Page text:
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Leader: Embargoes won't scare Iran

Iranian President Mahmoud Ahmadinejad has said embargoes are ineffective and the West should drop its aggressive approach if talks on Tehran's nuclear programme are to be successful.

Mr Ahmadinejad said at a Caspian Sea summit in Azerbaijan on Thursday that Iran is ready to return to six-party talks on its atomic energy program, which the West suspects may be directed at creating nuclear weapons. Iran denies that, saying it is for energy purposes.

Talks between Iran and world powers Russia, the US, Britain, France, China and Germany are expected to restart on December 5, but a venue is still to be determined. Mr Ahmadinejad suggested Istanbul, while the West wants Geneva.

"If they want their negotiations to be successful, they must reject their exploitative approach. If they take the side of justice, then we could reach certain results, and could cooperate on world issues," he said. "But, if they want to talk to us using old methods, then they must know that the results of negotiations will remain the same. Iran won't be scared by embargoes."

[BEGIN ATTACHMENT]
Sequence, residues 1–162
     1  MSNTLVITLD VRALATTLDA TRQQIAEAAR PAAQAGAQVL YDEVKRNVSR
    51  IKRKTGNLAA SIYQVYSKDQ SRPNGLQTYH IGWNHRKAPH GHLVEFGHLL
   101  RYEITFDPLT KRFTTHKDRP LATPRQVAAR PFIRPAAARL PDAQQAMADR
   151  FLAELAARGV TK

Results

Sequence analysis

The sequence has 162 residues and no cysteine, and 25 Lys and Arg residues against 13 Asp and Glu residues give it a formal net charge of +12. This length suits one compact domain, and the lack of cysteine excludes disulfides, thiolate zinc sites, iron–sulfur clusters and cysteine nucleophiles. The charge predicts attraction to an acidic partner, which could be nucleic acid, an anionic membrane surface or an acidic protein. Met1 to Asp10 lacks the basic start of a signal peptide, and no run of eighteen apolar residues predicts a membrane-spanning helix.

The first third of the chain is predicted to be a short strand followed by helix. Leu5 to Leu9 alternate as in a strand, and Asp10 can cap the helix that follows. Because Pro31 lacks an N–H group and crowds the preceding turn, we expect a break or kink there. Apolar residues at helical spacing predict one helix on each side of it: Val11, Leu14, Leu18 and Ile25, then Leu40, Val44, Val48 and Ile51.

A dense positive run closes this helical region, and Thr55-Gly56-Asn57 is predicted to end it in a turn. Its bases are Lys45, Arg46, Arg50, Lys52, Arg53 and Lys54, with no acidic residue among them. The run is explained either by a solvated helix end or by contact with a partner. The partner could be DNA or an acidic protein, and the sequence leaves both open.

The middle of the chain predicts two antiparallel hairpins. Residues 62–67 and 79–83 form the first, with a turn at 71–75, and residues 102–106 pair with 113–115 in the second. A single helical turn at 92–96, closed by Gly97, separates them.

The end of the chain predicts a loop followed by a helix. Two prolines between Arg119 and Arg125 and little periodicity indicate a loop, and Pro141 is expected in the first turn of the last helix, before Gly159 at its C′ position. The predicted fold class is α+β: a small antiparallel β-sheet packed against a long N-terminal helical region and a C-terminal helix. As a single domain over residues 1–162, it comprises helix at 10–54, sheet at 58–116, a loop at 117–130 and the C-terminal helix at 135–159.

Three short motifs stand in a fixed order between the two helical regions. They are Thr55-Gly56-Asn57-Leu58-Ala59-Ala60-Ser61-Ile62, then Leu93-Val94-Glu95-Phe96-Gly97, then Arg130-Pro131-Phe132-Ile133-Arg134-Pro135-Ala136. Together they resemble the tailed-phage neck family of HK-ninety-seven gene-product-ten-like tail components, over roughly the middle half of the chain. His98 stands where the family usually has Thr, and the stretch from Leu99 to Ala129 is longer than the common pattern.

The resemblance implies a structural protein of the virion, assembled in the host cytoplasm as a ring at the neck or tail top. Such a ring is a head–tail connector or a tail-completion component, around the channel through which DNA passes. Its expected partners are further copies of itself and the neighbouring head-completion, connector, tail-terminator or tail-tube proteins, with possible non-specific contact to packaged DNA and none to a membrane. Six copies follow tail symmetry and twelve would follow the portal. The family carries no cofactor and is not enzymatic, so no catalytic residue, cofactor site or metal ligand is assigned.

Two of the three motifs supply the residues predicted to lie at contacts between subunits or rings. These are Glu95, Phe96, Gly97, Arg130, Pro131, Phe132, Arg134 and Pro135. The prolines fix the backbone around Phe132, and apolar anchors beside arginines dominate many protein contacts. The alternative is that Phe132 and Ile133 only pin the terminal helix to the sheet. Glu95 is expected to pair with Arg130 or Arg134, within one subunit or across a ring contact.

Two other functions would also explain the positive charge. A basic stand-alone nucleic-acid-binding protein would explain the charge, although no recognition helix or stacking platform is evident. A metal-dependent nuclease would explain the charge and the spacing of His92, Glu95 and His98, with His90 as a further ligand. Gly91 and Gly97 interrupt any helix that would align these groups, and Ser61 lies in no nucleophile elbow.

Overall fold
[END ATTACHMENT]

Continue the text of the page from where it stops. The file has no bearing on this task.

Iran is the subject of multiple US and UN sanctions, including weapons and other trade restrictions.

Last week, US Defence Secretary Robert Gates said the latest international sanctions are hitting Iran harder than that country's ruling regime had expected, and they should be allowed more time. He also said although military action against Iran remains an option, the threat of force is not the only way to stop Iran from building a nuclear bomb.

On another issue, Iran has enraged human rights activists by sentencing a woman suspected of adultery to death by stoning.

Mr Ahmadinejad defended the prosecution of 43-year-old lawyer Sakineh Mohammadi Ashtiani, whose case is being reviewed by the country's supreme court. She faces the prospect of death by other means if the stoning sentence is revoked. The US and the EU have urged a stay of execution.

Meanwhile, an Iranian military official said the country successfully tested a new air defence missile system in a five- day exercise.

The system - known as Mersad, or Ambush in Farsi - was developed by Iranian scientists, General Hamid Arjangi told the official IRNA news agency. The exercise is meant to demonstrate Iran's ability to defend its nuclear facilities from possible attack.

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